A legal case for loss and damage liability
Rina Kuusipalo, University of Cambridge
The term ‘loss and damage’ encapsulates an increasing recognition that climate change is causing devastating consequences of a scope we cannot always sufficiently anticipate. Mitigation of further emissions is crucial, and every effort must be made to adapt communities to reasonably foreseeable effects of climate change. But beyond this, ‘loss and damage’ acknowledges that while parties scramble to stop catastrophic climate change, communities are already suffering in the aftermath of its effects.
We know that the most burdensome impacts of climate change fall unduly on least developed countries, and communities that have the fewest resources to aid in recovery from such events. The most recent report from the Intergovernmental Panel on Climate Change (IPCC) confirmed both the manmade nature of climate change, as well as the devastating impact of climate change on the Global South. Vulnerable countries and groups are the claimants of loss and damage: claiming both irretrievable ‘loss’ (such as that of human lives, extinct species, and dead ecosystems) as well as ‘damage’ to things that are broken but still repairable (such as damage to infrastructure).
Apart from extreme events such as heat waves and floods, ‘loss and damage’ also encompasses ‘slow-onset’ phenomena such as rising sea levels, which threatens countries like Kiribati and Tuvalu. The need to address economic and non-economic loss, such as loss of cultural identity and heritage, in such contexts is apparent. Moreover, potential victims or survivors of climate change induced traumas ought to be included in the process of legally codifying ‘loss and damage.’
The international community has attempted to respond to climate crises under the UN Framework Convention on Climate Change (UNFCCC). While countries have nominally committed to climate finance, contributions, have not been sufficient to kick-start the Green Climate Fund, or to begin compensating the survivors of climatic events. The ‘loss and damage’ framework might help in this effort to safeguard resources for compensation and insurance for future catastrophic events by framing contributions not as charity, but as liability owed. An approach based upon the enforcing of legal obligation has the advantage of not being as dependent on the whims of fluctuating government opinions.
One fitting way to conceive liability would be as ‘reparations’ for damage: liability reflecting the proportional responsibility of countries for historically accumulated and presently manifesting emissions. Framing the liability in this way could avoid the issue of legal time limitations. The defendants in such a case would be wealthier, developed nations, whose contributions to fossil fuel emissions have accounted for roughly three-quarters of the total emissions since the industrial revolution. Despite current trends in the Global South, the per capita emissions in a wealthy country still remain multifold compared to a person in China or India.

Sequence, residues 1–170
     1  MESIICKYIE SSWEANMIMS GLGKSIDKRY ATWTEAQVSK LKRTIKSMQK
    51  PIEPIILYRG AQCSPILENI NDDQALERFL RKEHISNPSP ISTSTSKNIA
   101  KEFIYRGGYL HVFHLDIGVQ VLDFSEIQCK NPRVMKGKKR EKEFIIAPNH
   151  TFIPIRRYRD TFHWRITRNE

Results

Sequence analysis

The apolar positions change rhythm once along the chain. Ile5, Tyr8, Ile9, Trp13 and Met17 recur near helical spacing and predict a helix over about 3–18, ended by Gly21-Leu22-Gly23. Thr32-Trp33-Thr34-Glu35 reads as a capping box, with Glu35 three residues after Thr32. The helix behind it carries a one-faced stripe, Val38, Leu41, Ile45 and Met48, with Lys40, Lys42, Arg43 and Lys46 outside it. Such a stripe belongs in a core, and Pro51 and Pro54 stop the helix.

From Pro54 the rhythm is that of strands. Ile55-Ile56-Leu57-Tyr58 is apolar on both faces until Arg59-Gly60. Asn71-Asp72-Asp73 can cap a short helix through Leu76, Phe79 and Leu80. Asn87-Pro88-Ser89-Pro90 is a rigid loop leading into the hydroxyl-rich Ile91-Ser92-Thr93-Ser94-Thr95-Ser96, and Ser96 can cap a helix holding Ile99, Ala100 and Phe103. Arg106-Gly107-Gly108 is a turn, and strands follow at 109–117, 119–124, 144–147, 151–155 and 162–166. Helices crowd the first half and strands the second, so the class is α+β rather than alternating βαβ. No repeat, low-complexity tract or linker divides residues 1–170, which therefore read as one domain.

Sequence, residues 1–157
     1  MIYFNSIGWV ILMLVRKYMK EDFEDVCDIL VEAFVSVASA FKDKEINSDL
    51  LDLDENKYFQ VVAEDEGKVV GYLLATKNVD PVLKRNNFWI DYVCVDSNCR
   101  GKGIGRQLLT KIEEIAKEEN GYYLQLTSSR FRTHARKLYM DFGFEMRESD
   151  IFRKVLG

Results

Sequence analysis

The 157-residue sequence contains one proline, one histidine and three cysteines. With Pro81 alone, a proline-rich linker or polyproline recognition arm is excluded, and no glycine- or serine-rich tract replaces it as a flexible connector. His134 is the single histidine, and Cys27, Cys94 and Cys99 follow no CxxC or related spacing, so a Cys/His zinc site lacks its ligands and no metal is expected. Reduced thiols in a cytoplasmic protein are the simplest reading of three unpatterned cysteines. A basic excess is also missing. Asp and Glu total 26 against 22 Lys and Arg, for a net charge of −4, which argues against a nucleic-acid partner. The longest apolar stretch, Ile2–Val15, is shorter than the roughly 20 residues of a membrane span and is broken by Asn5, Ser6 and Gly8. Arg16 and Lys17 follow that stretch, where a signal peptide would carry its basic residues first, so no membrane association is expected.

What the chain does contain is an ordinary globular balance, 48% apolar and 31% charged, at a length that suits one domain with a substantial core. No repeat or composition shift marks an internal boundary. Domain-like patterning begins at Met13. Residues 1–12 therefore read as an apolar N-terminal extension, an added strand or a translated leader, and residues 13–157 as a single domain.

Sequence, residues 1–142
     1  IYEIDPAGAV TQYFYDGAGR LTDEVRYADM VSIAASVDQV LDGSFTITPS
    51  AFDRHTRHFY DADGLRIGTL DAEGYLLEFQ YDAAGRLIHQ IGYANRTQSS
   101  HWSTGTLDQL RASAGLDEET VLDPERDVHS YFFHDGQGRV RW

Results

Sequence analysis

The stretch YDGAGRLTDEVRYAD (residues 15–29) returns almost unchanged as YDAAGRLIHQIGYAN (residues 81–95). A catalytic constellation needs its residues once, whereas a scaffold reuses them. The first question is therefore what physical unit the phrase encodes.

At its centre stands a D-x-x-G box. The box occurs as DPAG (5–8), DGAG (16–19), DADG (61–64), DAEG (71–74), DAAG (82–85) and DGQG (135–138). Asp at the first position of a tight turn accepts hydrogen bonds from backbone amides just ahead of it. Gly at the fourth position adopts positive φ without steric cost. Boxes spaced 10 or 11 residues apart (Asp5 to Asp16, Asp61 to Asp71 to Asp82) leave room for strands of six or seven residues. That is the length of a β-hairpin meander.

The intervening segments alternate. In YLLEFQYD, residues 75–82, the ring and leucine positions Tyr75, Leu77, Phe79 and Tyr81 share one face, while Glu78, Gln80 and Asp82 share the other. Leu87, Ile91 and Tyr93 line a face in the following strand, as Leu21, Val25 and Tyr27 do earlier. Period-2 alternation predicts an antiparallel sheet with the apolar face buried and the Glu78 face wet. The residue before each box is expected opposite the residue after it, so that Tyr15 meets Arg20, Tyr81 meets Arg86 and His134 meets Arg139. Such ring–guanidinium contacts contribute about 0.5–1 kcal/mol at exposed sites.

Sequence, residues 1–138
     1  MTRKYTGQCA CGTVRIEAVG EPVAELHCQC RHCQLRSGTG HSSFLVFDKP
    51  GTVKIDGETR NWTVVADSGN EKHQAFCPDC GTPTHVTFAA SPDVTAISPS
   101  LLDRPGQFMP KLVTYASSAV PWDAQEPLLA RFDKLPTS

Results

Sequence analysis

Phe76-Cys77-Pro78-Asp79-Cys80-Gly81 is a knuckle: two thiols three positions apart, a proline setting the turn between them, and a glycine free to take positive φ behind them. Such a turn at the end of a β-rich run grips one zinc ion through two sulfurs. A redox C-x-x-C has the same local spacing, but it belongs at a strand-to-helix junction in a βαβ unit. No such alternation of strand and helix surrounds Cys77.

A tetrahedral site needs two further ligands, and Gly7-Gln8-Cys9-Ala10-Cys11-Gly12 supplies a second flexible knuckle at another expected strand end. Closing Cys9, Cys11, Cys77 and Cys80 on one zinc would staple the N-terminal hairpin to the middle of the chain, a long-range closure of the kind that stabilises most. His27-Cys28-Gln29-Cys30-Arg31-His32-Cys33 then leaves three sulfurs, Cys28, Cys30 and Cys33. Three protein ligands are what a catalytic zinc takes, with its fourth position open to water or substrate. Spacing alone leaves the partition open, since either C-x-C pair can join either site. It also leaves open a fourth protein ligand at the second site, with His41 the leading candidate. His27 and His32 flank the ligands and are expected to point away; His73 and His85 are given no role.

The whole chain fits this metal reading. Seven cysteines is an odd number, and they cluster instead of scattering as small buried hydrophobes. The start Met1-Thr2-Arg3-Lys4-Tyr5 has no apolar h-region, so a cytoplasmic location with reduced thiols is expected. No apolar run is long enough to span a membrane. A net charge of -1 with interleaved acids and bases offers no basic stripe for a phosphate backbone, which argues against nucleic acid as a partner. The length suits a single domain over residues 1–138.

A common doubt is: how do we calculate liability in such a complex context? One legal response might acknowledge that approximations of compensation for complex, non-economic liability are carried out daily in courts around the world. Unlike economics, which demands supposed certainty of facts, legal thought has for a long time engaged with elusive chains of causation, normative evaluations of what is “just, fair and reasonable” – even attributing liability for historical wrongs (the Mau Mau case). The ecological aspects of ‘loss and damage’ could be – in the absence of legal standing for nature – approached through legal public trust doctrines, as suggested by Mary Christina Wood in Nature’s Trust.
Moreover, a scientific and legal basis for liability already exists within the convoluted layers of UNFCCC – embodied in Article 3, which states that “in accordance with their common but differentiated responsibilities… the developed country Parties should take the lead in combating climate change and the adverse effects thereof.” The ‘Annex I’ Developed countries have nonetheless been hesitant to allow a textual admission of liability. While politically explainable, such ‘short-termist’ opposition will hurt the planet as a whole. Legally, it also stands in contrast to the very ideals on which the UNFCCC was built: a necessity perceived in the 1992 Rio Declaration (Principle 13) for states to cooperate on “international law regarding liability and compensation for adverse effects of environmental damage.” It seems that the UNFCCC has the legal mandate – and merely lacks the fortitude and the will – to step up to its role in allocating liability and compensation for ‘loss and damage.’